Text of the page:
Past criticisms forgotten as Manx Missile and council finally agree date for ceremony

Mark Cavendish will next month finally be granted the Freedom of the Borough of Douglas on his native Isle of Man, two and a half years after he was told that the honour was to be bestowed on him in August 2008, reports the isleofman.com website.

The HTC-Highroad sprinter was singled out for the award, previous recipients of which include Sir Winston Churchill, Norman Wisdom and the Bee Gees, after claiming his first four Tour de France sprint wins in the 2008 edition of that race.

The delay in finding time in his busy schedule to receive the honour led to criticism of the cyclist on the island. That all appears to be water under the bridge now with the ceremony, at which Mayor of Douglas, councillor Ritchie McNicholl wioll present Cavendish with an illuminated certificate of the award, fixed for April 14.

If, like us, your sense of the calendar at this time of the year is somewhat out of kilter with the rest of the world and largely determined by when each of the Spring Classics is taking place, that’s the Thursday between Paris-Roubaix and the Amstel Gold Race.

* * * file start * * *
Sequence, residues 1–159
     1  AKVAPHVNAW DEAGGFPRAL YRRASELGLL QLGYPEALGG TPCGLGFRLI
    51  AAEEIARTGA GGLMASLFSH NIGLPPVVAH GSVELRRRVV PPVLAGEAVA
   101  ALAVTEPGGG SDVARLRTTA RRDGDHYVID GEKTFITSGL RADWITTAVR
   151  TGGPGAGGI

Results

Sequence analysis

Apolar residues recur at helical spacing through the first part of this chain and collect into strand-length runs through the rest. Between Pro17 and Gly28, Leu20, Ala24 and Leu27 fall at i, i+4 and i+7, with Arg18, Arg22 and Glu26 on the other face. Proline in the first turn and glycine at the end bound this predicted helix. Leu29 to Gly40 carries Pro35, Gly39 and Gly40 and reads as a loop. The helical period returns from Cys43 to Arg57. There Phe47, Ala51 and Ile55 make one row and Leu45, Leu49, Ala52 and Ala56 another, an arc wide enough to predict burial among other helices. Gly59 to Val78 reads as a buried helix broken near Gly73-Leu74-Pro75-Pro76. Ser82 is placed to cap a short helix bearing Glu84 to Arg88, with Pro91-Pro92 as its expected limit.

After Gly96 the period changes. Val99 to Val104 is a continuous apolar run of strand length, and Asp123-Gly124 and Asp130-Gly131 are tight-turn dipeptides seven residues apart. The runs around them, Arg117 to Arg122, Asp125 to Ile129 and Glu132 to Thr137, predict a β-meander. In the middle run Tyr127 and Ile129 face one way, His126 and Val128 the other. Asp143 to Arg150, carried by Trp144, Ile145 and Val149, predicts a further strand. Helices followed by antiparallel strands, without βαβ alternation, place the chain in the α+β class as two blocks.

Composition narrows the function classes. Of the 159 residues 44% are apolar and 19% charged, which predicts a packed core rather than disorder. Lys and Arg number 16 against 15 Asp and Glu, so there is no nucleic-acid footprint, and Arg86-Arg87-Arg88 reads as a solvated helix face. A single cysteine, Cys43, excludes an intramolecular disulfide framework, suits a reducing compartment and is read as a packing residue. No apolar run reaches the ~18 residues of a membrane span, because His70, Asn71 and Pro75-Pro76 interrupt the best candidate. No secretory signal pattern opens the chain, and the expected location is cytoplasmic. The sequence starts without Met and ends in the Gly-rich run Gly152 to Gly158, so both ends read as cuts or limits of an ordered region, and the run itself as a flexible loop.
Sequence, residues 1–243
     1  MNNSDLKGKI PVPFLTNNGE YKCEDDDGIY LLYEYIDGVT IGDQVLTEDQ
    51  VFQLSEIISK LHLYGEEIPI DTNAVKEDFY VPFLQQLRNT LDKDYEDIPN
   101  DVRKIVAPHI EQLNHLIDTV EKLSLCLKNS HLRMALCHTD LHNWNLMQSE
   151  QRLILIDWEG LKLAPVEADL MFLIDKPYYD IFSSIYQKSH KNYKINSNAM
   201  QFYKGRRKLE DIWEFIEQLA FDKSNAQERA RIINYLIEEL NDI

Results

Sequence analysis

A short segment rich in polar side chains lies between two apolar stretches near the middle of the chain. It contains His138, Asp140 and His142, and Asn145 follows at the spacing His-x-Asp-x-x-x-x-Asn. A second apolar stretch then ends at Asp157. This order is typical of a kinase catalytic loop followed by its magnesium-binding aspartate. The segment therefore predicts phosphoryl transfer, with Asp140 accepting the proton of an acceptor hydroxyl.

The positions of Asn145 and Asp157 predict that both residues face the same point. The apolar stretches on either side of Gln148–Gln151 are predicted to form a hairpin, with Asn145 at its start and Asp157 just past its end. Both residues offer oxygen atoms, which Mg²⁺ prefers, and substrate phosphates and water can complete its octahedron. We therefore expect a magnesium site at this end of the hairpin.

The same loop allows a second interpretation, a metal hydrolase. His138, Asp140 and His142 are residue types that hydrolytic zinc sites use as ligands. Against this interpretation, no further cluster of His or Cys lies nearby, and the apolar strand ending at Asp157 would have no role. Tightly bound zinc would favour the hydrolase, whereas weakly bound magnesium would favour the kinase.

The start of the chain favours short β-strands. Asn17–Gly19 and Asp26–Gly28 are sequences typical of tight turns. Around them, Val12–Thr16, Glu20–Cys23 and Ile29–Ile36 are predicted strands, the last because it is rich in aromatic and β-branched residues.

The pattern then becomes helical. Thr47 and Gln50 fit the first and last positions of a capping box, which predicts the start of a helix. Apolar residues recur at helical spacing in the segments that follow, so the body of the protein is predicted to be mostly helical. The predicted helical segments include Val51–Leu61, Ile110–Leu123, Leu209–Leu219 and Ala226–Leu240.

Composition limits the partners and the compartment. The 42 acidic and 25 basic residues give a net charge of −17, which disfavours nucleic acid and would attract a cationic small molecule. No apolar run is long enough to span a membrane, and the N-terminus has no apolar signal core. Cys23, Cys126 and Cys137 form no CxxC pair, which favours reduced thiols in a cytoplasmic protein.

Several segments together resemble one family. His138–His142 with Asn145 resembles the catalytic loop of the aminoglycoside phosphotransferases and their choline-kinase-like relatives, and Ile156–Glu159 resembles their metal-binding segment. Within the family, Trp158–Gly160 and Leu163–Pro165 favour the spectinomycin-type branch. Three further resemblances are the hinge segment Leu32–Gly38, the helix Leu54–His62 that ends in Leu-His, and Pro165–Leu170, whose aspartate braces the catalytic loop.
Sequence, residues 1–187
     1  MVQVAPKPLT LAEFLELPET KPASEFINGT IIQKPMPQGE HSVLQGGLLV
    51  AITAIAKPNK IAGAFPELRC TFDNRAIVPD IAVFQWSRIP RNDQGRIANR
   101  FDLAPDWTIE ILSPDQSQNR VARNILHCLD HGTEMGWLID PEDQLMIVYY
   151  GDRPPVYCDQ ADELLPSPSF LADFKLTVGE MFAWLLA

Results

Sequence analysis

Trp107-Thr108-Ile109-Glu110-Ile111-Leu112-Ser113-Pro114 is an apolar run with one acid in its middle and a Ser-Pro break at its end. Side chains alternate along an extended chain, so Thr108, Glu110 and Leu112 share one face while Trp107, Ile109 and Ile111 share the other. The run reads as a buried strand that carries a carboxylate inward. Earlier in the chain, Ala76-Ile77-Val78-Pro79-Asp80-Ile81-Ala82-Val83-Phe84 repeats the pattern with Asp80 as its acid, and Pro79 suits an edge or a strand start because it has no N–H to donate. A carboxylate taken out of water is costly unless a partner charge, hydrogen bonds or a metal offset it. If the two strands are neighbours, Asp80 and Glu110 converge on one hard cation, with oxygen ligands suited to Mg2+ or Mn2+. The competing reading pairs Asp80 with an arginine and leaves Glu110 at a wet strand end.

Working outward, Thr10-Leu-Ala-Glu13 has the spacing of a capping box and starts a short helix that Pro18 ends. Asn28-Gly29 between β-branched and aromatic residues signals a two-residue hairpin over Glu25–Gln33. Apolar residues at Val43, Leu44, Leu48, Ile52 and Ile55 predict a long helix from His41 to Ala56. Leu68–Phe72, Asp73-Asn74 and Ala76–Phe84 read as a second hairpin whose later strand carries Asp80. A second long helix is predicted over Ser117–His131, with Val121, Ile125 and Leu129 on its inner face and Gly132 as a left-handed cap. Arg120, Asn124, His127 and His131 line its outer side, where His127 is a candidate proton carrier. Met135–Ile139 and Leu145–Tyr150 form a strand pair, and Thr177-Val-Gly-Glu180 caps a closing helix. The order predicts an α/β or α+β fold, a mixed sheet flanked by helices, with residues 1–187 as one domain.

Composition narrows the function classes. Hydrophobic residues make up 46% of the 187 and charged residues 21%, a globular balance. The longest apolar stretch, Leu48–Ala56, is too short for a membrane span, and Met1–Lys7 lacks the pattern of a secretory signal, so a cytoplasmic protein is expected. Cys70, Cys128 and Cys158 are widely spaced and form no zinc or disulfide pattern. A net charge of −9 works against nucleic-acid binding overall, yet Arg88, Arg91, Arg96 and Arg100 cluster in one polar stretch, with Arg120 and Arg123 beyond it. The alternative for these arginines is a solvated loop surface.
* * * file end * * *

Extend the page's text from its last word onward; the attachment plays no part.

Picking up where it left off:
Council leader David Christian, one of those to have previously expressed disappointment in the length of time it has taken a date to be agreed, said: "The council is pleased to have the opportunity to present Mark Cavendish with his illuminated address and officially bestow on him the Honorary Freeman of the Borough in recognition of his outstanding achievements in the field of international cycle racing and his service as an ambassador for the Isle of Man.

"It is especially fitting that the presentation, to such a world-class Manx sporting personality, should be taking place in the year when all eyes will be on the Isle of Man - and on Douglas in particular – when the Commonwealth Youth Games are held here in September and also at a time when excitement is mounting over the 2012 Olympic Games in which we wish him every success," he added.

Born in Scotland, Simon moved to London aged seven and now lives in the Oxfordshire Cotswolds with his miniature schnauzer, Elodie. He fell in love with cycling one Saturday morning in 1994 while living in Italy when Milan-San Remo went past his front door. A daily cycle commuter in London back before riding to work started to boom, he's been news editor at road.cc since 2009. Handily for work, he speaks French and Italian. He doesn't get to ride his Colnago as often as he'd like, and freely admits he's much more adept at cooking than fettling with bikes.